NEMA 14-30 Plus
-Already standardized and grandfathered in, like NEMA 5-15

-Cheap and deployed across North America- may already be in your house

-Higher voltage better for car charging

-Higher power than 5-15 (by up to 4 times) or even TT-30 (up to 2x)

-Can also yield 120V, together with 240V or separately (“split phase”)

-Neutral (return line) and ground separate, for additional safety

-Can be hacked into upward compatibility with NEMA 14-50

Minus
-Found in laundry rooms- not deployed in public places, by any reasonable criterion

-240 volts technically a bigger safety risk than 120V

-Direct plugging (receptacle to vehicle) at 240V violates electrical codes

-Charges still measured in hours, still too slow for road trips

-Plugs physically large (more an issue on two wheels)

Neutral
-A billion people use 240V every day without electrocution or fires

-Actually exceeds usable power levels of many EV chargers today

-No accommodation for outdoor use/frequent cycling, like 5-15 but not J1772

-Installed dryer base split with 10-30, requiring adapter or hack

NEMA 14-30 Ground

The new 14-30 dryer connector is widely deployed in homes, and is very rarely seen on the street from EV supporters.  It may actually be too much power for your vehicle charger.  And yet, it’s not enough power for highway stops.  A 14-30 cord is handy to have, especially as it can be hacked into a 14-50 cord.

NEMA 10-30 Plus
-Already standardized and grandfathered in, like NEMA 5-15

-Cheap and deployed across North America- may already be in your house

-Higher voltage better for car charging

-Higher power than 5-15 (by up to 4 times) or even TT-30 (up to 2x)

-Can also yield 120V, together with 240V or separately (“split phase”)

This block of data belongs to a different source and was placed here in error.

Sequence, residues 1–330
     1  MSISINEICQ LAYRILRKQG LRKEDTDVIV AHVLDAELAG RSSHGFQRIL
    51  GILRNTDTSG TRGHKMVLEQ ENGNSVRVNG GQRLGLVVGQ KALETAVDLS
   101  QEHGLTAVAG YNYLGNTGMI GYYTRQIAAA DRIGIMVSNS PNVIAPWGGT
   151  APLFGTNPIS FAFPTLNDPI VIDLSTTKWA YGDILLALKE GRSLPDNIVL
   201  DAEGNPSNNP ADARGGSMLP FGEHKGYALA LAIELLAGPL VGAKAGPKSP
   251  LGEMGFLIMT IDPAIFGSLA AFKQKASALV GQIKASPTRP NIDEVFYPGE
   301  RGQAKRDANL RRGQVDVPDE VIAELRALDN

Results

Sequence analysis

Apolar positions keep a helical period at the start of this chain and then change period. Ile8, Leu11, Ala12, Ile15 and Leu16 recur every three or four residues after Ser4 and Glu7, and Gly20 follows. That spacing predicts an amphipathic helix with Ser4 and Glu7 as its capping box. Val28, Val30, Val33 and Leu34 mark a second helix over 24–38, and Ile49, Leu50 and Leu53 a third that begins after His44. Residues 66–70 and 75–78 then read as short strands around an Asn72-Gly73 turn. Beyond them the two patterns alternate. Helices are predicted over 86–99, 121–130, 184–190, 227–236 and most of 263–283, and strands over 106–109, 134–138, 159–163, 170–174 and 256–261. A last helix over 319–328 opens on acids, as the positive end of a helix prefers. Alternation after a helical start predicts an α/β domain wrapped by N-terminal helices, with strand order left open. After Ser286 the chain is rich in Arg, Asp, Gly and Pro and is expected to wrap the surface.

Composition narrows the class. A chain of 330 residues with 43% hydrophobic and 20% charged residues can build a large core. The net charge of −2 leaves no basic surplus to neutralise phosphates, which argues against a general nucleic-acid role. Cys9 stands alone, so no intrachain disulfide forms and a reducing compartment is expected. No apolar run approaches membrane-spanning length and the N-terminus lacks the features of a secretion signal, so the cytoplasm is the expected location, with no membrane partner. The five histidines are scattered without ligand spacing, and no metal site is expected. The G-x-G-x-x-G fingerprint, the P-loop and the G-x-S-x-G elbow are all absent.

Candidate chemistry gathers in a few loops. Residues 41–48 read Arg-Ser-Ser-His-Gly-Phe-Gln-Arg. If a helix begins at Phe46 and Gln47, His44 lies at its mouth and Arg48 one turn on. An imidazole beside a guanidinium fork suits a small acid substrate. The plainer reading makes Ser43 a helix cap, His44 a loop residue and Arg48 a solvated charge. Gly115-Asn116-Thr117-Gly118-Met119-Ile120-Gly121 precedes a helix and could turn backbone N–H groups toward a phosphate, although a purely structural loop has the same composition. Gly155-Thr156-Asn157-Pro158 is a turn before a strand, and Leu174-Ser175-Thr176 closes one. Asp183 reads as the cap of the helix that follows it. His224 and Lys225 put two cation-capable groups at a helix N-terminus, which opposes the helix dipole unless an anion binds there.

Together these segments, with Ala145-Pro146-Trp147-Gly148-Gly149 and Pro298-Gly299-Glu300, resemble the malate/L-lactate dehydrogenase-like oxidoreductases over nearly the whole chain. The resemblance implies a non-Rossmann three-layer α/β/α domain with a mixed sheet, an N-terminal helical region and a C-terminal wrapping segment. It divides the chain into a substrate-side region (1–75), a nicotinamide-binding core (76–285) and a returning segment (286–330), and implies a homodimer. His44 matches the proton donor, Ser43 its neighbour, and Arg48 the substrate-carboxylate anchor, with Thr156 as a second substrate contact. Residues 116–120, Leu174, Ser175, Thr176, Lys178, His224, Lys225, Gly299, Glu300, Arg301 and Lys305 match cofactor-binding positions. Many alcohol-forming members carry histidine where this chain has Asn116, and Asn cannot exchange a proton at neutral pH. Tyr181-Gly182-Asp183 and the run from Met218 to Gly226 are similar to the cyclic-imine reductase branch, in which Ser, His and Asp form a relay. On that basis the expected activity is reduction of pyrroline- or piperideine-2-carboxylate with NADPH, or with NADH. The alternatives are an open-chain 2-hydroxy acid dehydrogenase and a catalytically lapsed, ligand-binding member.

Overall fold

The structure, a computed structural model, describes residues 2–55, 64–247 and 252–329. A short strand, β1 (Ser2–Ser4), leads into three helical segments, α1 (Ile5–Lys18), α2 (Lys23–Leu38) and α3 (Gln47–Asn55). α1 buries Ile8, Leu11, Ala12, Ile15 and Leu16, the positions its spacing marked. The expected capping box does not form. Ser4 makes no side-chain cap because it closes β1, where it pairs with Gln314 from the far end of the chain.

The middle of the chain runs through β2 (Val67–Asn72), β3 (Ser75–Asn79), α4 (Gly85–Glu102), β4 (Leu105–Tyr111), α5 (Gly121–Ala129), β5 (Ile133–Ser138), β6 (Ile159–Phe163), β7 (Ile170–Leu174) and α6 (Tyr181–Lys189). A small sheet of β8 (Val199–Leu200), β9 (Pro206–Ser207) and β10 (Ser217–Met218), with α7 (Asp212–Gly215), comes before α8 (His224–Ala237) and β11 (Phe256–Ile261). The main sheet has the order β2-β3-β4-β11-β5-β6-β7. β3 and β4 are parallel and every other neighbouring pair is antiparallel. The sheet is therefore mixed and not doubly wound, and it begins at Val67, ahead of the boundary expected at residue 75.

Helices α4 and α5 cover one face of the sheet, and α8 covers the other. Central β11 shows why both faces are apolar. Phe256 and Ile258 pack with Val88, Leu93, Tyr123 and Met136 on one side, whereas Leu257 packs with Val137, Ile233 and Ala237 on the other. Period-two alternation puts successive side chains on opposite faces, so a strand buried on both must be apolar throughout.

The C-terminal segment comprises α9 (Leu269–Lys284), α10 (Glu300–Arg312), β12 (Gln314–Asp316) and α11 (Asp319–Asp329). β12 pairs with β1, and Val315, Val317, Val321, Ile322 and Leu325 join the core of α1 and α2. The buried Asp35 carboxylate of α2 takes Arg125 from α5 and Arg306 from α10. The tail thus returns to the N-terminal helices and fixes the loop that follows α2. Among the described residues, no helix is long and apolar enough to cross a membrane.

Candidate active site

Minus
-Old, deprecated standard

-Looks like TT-30, which can be forced into 10-30 receptacle

-In laundry rooms- not deployed in public places, by any reasonable criterion

-240V technically a bigger safety risk than 120V

-No true ground technically a safety risk

-Direct plugging (receptacle to vehicle) at 240V violates electrical codes

-Actually exceeds usable power levels of many EV chargers today

-Charges still measured in hours, still too slow for road trips

-Plugs physically large (more an issue on two wheels)

Neutral
-A billion people use 240V every day without electrocution or fires

-Actually exceeds usable power levels of many EV chargers today

-No accommodation for outdoor use/frequent cycling, like 5-15 but not J1772

-J1772 combines ground and neutral, too

-Installed dryer base split with 14-30, requiring adapter or hack

NEMA 10-30 Ground

Superseded by 14-30, the question of 10-30 installation is now moot.  However, if you have an existing 10-30 receptacle near the garage, it will still spank a NEMA 5-15 with the additional cord.

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7 thoughts on “Receptacle Roundup IV: NEMA 10-30 and 14-30